Vienna Exhibit: Penelope’s Labor

This installation will feature work by a wonderful artist I had the privilege of meeting last year, Azra Aksamija (

Penelope’s Labour — Weaving Words and Images

Weavings from the collection of the Fondazione Giorgio Cini Collection shown alongside new woven works by: Azra Akšamija, Lara Baladi, Manuel Franquelo, Carlos Garaicoa, Grayson Perry and Marc Quinn.

Exhibition by Fondazione Giorgio Cini and Factum Arte. Curated by Adam Lowe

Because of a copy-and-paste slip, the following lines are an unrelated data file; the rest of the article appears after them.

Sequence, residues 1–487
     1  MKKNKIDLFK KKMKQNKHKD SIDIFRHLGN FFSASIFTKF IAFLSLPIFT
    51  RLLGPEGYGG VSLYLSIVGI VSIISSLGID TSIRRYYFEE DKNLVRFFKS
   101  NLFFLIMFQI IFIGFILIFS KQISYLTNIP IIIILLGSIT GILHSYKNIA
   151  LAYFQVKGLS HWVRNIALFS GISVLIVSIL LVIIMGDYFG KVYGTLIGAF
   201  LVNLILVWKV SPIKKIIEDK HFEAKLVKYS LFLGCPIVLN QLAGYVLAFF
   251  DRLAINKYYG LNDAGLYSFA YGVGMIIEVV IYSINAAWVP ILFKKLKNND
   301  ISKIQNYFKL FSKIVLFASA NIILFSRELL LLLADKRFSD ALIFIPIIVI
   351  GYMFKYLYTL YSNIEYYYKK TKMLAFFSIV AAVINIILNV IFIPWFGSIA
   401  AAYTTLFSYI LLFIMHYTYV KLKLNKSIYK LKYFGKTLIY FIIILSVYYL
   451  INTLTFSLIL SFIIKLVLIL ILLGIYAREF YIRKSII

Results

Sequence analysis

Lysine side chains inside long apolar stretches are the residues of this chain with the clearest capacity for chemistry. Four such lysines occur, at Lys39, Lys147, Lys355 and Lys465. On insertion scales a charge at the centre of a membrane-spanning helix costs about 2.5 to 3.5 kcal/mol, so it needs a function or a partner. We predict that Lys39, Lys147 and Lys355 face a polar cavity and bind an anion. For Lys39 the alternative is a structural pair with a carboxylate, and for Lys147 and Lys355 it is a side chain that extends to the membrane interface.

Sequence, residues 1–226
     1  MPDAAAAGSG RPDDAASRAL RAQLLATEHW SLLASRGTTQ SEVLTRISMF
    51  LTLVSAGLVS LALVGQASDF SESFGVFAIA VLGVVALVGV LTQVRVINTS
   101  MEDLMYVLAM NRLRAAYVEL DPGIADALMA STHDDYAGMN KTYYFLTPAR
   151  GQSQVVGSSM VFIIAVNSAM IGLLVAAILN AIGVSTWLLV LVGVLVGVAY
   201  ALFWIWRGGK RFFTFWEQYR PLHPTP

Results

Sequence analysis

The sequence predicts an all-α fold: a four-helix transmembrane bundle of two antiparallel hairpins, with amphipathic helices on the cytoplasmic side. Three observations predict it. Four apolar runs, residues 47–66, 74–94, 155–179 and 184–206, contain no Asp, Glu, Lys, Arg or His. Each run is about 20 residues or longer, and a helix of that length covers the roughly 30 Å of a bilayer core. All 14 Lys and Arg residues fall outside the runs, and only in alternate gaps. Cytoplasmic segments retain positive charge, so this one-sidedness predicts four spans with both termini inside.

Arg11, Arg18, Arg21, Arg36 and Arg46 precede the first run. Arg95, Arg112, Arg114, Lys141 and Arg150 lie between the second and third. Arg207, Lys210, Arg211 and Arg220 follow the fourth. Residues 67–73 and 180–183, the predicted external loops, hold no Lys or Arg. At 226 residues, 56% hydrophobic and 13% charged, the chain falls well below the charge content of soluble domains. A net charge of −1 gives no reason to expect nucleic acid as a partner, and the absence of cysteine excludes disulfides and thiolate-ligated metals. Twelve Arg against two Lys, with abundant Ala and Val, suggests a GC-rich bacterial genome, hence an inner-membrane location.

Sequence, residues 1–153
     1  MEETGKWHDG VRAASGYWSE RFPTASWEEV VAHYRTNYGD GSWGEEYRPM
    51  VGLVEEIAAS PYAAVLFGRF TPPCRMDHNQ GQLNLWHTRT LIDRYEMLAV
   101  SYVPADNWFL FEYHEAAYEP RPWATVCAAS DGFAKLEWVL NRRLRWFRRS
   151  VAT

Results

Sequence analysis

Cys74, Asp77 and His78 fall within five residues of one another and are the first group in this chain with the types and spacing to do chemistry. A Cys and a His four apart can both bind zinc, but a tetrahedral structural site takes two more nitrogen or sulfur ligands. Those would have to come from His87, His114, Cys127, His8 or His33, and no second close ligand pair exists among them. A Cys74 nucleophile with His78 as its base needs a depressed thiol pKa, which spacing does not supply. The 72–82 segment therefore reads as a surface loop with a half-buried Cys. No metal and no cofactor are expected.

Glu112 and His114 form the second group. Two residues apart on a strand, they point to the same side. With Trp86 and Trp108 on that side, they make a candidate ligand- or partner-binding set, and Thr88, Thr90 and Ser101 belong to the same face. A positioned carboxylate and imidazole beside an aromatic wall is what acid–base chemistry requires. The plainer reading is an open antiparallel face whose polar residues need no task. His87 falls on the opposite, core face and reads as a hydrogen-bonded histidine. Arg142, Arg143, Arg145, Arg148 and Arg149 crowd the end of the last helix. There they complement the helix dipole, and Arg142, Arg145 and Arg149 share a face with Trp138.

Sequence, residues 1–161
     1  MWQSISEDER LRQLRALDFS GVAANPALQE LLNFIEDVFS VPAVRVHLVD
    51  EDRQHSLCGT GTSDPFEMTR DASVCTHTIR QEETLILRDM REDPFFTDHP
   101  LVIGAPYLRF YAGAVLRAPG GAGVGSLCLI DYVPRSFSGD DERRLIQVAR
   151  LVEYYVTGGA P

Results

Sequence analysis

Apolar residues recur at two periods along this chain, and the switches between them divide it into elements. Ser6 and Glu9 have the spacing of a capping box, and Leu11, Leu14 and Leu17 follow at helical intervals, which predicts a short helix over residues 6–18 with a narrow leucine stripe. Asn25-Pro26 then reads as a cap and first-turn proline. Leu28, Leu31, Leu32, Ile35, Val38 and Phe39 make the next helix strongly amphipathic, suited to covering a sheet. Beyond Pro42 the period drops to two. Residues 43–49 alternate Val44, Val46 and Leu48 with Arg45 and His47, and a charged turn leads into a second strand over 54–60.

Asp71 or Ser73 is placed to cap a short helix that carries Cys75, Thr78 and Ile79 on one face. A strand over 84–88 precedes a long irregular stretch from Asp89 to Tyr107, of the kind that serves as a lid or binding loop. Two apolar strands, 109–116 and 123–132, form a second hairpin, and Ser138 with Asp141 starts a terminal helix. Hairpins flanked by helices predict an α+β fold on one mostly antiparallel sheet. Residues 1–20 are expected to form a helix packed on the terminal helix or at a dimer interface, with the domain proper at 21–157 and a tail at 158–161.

Tapestry is the great example of image and word transformed by the materiality of its medium. For centuries, it was valued above paintings, its precious gold, silver and silk thread combining with the intensive labor and intricate collaborative creation of the woven image bewitching the elite from east to west. The woven image told fabulous, discontinuous stories in a language that was unique to itself, which created unique images that integrate color and material fabric in a way that surpassed painting, drawing and sculpture. Its overwhelming visual power was only discernible in its presence, and has since been diminished by reproductions in books and poor conservation which has left many surviving examples a pale shadow of their original, glittering aura. With the rise of painting and the development of technological innovations in weaving in the seventeenth century, tapestry began to imitate painting, leading to its long decline and marginalization into a craft tradition. But in recent years, with the development of digital technology and the emphasis on the ways in which images and words are transformed and mediated from the ephemeral to the material, artists have returned to tapestry as a medium which asks what is physically possible in the creation of a sensuous art object. This exhibition unites Vittorio Cini’s fascination with the manual production of tapestry with contemporary art and the renewed ability of artists to use the medium to tell a range of powerful and compelling stories that address the warp and weft of our contemporary realities. Drawing on late fifteenth-century tapestries depicting the sack of Jerusalem, to Azra Akšamija’s woven collective testimony of the ethnic cleansing of Bosnia-Herzegovina via Grayson Perry’s vast allegory of contemporary life the ‘Walthamstow Tapestry’ and Marc Quinn’s flowers of our manipulated natural world, this exhibition will put the woven image back at the heart of contemporary artistic practice.